Rep. Adam Schiff has many talents, though few compare to his ability to function as a human barometer of Democratic panic. The greater the level of Schiff hot, pressured air, the more trouble the party knows it’s in.
Mr. Schiff’s millibars have been popping ever since the Permanent Select Committee on Intelligence, on which he is ranking Democrat, last week voted to make a classified GOP memo about FBI election year abuses available to every House member. Mr. Schiff has spit and spun and apoplectically accused his Republican colleagues of everything short of treason. The memo, he insists, is “profoundly misleading,” not to mention “distorted” and “political,” and an attack on the Federal Bureau of Investigation. He initially tried to block his colleagues from reading it. Having failed, he’s now arguing Americans can know the full story only if they see the underlying classified documents.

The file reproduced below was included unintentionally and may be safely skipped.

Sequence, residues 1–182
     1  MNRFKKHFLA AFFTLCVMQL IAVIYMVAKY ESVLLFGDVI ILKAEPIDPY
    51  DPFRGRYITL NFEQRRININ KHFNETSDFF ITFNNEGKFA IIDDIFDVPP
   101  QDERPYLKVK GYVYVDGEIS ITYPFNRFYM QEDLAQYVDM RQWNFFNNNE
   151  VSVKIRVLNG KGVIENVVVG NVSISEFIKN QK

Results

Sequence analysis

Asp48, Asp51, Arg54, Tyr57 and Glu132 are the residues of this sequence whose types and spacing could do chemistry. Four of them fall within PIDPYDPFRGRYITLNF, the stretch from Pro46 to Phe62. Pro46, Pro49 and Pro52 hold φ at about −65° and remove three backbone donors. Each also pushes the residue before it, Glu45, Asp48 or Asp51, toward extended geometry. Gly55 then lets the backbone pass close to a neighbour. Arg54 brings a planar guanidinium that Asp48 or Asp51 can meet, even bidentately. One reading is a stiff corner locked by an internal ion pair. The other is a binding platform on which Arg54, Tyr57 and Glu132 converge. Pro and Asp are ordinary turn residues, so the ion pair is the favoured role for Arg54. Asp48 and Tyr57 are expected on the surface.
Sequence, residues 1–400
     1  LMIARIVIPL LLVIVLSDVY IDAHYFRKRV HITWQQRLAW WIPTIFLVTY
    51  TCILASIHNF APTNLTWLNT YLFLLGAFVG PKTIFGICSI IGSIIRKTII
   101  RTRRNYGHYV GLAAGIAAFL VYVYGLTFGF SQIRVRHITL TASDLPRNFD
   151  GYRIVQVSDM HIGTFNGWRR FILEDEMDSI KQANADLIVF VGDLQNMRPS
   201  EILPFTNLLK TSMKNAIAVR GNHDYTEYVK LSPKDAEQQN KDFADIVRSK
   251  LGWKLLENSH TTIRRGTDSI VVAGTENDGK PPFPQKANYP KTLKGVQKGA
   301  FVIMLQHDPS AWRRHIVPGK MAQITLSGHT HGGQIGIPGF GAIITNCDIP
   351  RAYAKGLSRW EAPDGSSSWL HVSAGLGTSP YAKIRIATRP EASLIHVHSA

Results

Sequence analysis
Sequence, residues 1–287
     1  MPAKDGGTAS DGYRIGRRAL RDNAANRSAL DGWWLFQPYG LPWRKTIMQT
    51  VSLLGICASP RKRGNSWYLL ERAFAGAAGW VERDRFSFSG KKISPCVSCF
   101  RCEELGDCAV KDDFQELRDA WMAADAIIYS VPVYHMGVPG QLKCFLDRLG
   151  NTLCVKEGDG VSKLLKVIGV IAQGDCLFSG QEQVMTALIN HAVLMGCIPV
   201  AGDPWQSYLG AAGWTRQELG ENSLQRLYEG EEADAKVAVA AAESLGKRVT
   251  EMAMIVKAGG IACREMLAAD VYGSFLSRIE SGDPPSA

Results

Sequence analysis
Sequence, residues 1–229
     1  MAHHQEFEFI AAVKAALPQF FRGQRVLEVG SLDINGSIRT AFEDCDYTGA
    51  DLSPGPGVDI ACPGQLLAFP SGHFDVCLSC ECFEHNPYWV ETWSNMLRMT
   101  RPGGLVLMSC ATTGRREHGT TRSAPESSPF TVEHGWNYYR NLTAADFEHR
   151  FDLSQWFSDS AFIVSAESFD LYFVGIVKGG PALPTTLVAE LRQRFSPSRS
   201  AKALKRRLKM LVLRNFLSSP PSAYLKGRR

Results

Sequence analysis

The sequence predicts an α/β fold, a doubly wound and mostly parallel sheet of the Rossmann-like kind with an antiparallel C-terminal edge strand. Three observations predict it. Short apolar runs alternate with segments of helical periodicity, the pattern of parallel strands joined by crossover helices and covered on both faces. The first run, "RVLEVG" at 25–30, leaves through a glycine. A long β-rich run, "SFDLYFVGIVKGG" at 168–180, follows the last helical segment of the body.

This is highly convenient, given the Justice Department retains those documents and is as eager to make them public as a fox is to abandon the henhouse. Intelligence Chairman Devin Nunes had to threaten a contempt citation simply to get permission for his committee to gain access, and even then investigators had to leave Capitol Hill to view them, and were allowed only to take notes. Mr. Nunes has no authority to declassify them. The best he can do in his continuing transparency efforts is to summarize their contents. Only in Schiff land is sunshine suddenly a pollutant.
The Schiff pressure gauge is outmatched only by the Justice Department and the FBI, which are now mobilizing their big guns to squelch the truth. That included a Wednesday Justice Department letter to Mr. Nunes—written by Assistant Attorney General Stephen Boyd, designed as a memo to the media, copied to its allies in Washington, and immediately leaked to the public. And the department wonders why anyone doubts the integrity of all its hardworking professionals.